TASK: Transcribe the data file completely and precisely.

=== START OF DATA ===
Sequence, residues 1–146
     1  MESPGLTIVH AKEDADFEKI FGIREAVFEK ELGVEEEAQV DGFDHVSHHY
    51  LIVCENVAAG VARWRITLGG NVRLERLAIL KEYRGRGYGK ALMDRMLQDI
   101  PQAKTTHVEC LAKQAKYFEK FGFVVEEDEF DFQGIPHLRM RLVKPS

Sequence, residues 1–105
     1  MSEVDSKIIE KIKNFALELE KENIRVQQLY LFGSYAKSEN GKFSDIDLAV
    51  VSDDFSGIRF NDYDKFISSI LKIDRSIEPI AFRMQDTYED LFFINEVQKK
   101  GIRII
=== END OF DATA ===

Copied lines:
Sequence, residues 1–146
     1  MESPGLTIVH AKEDADFEKI FGIREAVFEK ELGVEEEAQV DGFDHVSHHY
    51  LIVCENVAAG VARWRITLGG NVRLERLAIL KEYRGRGYGK ALMDRMLQDI
   101  PQAKTTHVEC LAKQAKYFEK FGFVVEEDEF DFQGIPHLRM RLVKPS

Sequence, residues 1–105
     1  MSEVDSKIIE KIKNFALELE KENIRVQQLY LFGSYAKSEN GKFSDIDLAV
    51  VSDDFSGIRF NDYDKFISSI LKIDRSIEPI AFRMQDTYED LFFINEVQKK
   101  GIRII